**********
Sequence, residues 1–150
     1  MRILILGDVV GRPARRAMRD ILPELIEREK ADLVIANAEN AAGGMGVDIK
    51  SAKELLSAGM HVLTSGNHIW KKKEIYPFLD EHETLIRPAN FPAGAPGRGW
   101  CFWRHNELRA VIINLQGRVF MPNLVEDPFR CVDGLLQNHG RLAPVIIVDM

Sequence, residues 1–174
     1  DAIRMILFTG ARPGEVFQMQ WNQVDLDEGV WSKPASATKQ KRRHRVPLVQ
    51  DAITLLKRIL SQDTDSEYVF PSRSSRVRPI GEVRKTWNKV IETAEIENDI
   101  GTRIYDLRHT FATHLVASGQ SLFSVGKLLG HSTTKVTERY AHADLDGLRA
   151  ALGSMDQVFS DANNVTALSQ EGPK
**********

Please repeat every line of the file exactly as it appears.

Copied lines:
Sequence, residues 1–150
     1  MRILILGDVV GRPARRAMRD ILPELIEREK ADLVIANAEN AAGGMGVDIK
    51  SAKELLSAGM HVLTSGNHIW KKKEIYPFLD EHETLIRPAN FPAGAPGRGW
   101  CFWRHNELRA VIINLQGRVF MPNLVEDPFR CVDGLLQNHG RLAPVIIVDM

Sequence, residues 1–174
     1  DAIRMILFTG ARPGEVFQMQ WNQVDLDEGV WSKPASATKQ KRRHRVPLVQ
    51  DAITLLKRIL SQDTDSEYVF PSRSSRVRPI GEVRKTWNKV IETAEIENDI
   101  GTRIYDLRHT FATHLVASGQ SLFSVGKLLG HSTTKVTERY AHADLDGLRA
   151  ALGSMDQVFS DANNVTALSQ EGPK